Naaman

Naaman

2 Kings 5:1, 9-18
1 Now Naaman, commander of the army of the king of Syria, was a great and honorable man in the eyes of his master, because by him the LORD had given victory to Syria. He was also a mighty man of valor, but a leper.

9 Then Naaman went with his horses and chariot, and he stood at the door of Elisha’s house. 10 And Elisha sent a messenger to him, saying, “Go and wash in the Jordan seven times, and your flesh shall be restored to you, and you shall be clean.” 11 But Naaman became furious, and went away and said, “Indeed, I said to myself, ‘He will surely come out to me, and stand and call on the name of the LORD his God, and wave his hand over the place, and heal the leprosy.’  
12 Are not the Abanah and the Pharpar, the rivers of Damascus, better than all the waters of Israel? Could I not wash in them and be clean?” So he turned and went away in a rage. 13 And his servants came near and spoke to him, and said, “My father, if the prophet had told you to do something great, would you not have done it? How much more then, when he says to you, ‘Wash, and be clean’?”  14 So he went down and dipped seven times in the Jordan, according to the saying of the man of God; and his flesh was restored like the flesh of a little child, and he was clean. 15 And he returned to the man of God, he and all his aides, and came and stood before him; and he said, “Indeed, now I know that there is no God in all the earth, except in Israel; now therefore, please take a gift from your servant.” 16 But he said, “As the Lord lives, before whom I stand, I will receive nothing.” And he urged him to take it, but he refused. 17 So Naaman said, “Then, if not, please let your servant be given two mule-loads of earth; for your servant will no longer offer either burnt offering or sacrifice to other gods, but to the LORD. 18 Yet in this thing may the LORD pardon your servant: when my master goes into the temple of Rimmon to worship there, and he leans on my hand, and I bow down in the temple of Rimmon-when I bow down in the temple of Rimmon, may the LORD please pardon your servant in this thing.”   NKJV

Naaman was the commander of the Syrian army. He was a pagan general. So why on earth would he be considered an unsung hero? Because he’s a picture of the pride-filled, self-sufficient man who thinks he’s above everyone else, yet when Naaman has an encounter with the God of Israel, we see an incredibly radical, life-changing transformation take place in him. It’s a lesson to all of us.

Here is a mighty man who commanded the respect of all those around him, including his soldiers, the citizens of Syria, and even the king. But all the respect in the world could not save him from the unfortunate event of having contracted leprosy. This was a death sentence for him except for a miracle, and the Syrian gods weren’t providing any of those. But in this hopeless situation we discover a young, Israeli slave girl who has the courage to inform others that there is a prophet in Samaria who could heal him.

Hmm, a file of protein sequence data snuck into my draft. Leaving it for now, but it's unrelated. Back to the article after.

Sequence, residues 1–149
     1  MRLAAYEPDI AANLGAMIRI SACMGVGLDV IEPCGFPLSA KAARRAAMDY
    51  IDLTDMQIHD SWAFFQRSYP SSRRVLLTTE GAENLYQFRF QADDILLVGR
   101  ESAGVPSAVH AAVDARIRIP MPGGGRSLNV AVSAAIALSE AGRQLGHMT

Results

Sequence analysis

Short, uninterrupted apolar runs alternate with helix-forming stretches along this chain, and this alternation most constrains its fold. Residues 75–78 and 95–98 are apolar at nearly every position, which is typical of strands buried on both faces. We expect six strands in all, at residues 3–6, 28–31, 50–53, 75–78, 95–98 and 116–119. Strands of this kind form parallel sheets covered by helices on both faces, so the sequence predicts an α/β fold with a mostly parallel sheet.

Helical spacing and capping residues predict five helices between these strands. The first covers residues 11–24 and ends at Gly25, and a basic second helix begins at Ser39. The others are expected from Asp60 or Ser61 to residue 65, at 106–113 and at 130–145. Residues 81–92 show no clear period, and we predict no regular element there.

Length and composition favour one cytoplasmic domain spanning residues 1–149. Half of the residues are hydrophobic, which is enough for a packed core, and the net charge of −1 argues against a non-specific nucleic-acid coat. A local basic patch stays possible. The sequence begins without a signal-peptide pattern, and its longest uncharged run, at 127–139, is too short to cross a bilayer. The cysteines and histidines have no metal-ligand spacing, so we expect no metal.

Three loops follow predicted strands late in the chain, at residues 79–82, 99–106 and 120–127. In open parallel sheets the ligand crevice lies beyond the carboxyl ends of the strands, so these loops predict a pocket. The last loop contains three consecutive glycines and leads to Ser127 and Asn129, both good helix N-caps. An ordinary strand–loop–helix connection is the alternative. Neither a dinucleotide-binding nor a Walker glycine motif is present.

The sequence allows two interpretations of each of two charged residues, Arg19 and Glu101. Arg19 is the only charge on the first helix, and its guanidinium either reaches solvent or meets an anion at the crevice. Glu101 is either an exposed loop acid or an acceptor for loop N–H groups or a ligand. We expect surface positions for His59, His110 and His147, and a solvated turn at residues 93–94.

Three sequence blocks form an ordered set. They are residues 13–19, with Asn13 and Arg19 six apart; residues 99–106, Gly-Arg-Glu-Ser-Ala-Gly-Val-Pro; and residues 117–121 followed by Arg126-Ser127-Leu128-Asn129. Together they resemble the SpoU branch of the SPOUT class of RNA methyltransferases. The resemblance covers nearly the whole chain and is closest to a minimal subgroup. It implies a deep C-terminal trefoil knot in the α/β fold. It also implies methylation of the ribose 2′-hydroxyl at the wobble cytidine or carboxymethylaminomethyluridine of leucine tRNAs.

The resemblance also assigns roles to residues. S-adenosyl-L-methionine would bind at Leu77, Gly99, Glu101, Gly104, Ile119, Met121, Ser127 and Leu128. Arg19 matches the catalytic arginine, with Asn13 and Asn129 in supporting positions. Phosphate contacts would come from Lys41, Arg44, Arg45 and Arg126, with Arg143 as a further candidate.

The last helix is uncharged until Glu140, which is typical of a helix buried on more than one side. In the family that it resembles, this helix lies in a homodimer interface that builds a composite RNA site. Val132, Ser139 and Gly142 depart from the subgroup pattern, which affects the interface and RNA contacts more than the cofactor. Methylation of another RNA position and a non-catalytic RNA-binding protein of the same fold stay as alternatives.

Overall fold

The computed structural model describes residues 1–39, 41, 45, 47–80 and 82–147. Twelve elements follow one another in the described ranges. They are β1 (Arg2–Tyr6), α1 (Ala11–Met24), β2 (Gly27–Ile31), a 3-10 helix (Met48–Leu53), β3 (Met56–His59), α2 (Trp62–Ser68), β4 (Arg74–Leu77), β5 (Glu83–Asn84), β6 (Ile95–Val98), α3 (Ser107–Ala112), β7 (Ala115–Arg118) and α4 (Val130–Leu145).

After a series of events, the King of Syria communicates with the King of Israel requesting that Naaman be given an audience with Elisha the Prophet. The request is granted and Naaman and his escorts travel to Samaria to Elisha’s home.  But when Naaman arrives, Elisha will not even give this great general the time-of-day. Instead he sends his servant out to him. To a general and a nobleman, this was an insult and highly disrespectful. And then to add insult to injury, Naaman is told to go dip seven times in the dirty Jordan River. He refuses. He is not a happy camper. Rather than suffer any more indignities and blows to his pride, he decides to leave and go back to Syria as a leper still…until a very brave servant confronts him to his face and asks him a very simple question. “Why not?”

Naaman’s heart is pierced through that confrontation, and right there in front of his servants and soldiers, this great general humbles himself. He displaces his pride with humility, and chooses to obey the word of the Lord. He goes down to the dirty old Jordan and dips seven times. And when he does, God healed him.

But he did not just receive a physical healing; he also received a heart transformation. He had had an encounter with the Living God. And when Naaman returned to Syria, he was no longer the same man. He was a believer in the God of Israel. He brought soil back from Samaria so that when he was required to accompany the king of Syria into the temple to worship their false gods, when he bowed down, it was on the soil of Samaria. His body may have been in the Syrian temple of a false god, but his heart was set on the God of Israel. And all those around him understood what he was doing. Naaman was unafraid and unashamed to make known that his life had been changed. And he would not deny it. What a story and what inspiration.

Has Christ made an impact on our lives like that? Where our pride or fear of representing Christ may cost us, but we no longer care? Where our pride or fear is overcome by a heart of gratitude, overwhelmed by His kindness towards us. Where our pride or fear begins to take a back seat in our lives, regardless of from whom it may separate us? Men…may we have the heart of the psalmist who declares these words:

Psalm 119:46
46 I will speak of your statutes before kings and will not be put to shame, NIV

Blessings,
Gene Pietrini

“Humility is the foundation of all the other virtues hence, in the soul in which this virtue does not exist there cannot be any other virtue except in mere appearance.”
– Augustine

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